Fact Check

Was a Centuries-Old Underground City Discovered Beneath Cades Cove?

An April Fool's Day joke about a mysterious city discovered beneath the Smoky Mountains was mistaken for a genuine news item.

Published Apr 3, 2017

An ancient underground city was discovered beneath Cades Cove.

On 2 April 2017, the YouTube Channel "UFOmania - The truth is out there" published a video about an ancient city that was allegedly discovered beneath Cades Cove, a valley in the Great Smoky Mountains:

This is not an original report from UFOmania. The narrator's script, as well as the photographs, originally appeared in an article published on experiencecadescove.com on 1 April 2017, which was, of course, April Fool's Day. In addition to the highly suspicious publication date, the article ended with the following paragraph (emphasis ours):

For information about seeing the underground city in Cades Cove, don’t check back here. This entire story has been an April Fools’ Day joke! To the best of our knowledge, there aren’t any subterranean cities located beneath the Smoky Mountains. However, there are plenty of wonderful things to see and do above ground in Cades Cove. To prepare for your next visit to the Smokies, check out our guide to the Top 6 Cades Cove Activities You Don’t Want to Miss.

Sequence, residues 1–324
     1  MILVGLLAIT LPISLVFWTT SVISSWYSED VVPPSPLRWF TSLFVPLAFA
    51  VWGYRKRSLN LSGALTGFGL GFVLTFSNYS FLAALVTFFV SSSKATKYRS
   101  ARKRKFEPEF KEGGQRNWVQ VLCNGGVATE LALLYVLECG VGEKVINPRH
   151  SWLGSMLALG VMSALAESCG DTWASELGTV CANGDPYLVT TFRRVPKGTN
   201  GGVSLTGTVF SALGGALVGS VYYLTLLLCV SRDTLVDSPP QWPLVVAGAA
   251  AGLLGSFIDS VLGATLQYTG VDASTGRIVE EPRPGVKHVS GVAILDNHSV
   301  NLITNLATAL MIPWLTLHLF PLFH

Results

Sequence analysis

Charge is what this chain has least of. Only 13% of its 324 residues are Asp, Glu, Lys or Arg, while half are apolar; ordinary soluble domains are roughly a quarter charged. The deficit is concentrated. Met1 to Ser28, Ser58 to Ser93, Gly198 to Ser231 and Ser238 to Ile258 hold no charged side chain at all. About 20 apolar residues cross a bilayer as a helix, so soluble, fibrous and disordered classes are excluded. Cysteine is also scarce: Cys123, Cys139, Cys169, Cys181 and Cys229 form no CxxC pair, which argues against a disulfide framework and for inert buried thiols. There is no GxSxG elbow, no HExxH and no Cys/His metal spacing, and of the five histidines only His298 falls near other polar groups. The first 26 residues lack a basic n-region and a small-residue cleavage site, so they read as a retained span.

There were several other clues that this article was an April Fool's Day prank, albeit an elaborate one, and not a genuine news report. For one, the article included an image purportedly showing a tweet from the account @GSMNPNews:

However, the account @GSMNPNews doesn't exist. The Great Smoky Mountains National Park uses the Twitter handle @GreatSmokyNPS. The underground system of caves does exist, though — it is a Byzantine-era network of tunnels and living areas thought to be used as ancient hiding places that was unearthed in Cappadocia, Turkey, in 2015.


Fishman, Jason.   "Centuries-Old Underground City Discovered Beneath Cades Cove."     Experience Cades Cove.   1 April 2017.

Pinkowski, Jennifer.   "Massive Underground City Found in Cappadocia Region of Turkey."     National Geographic.   26 March 2015.

Dan Evon is a former writer for Snopes.

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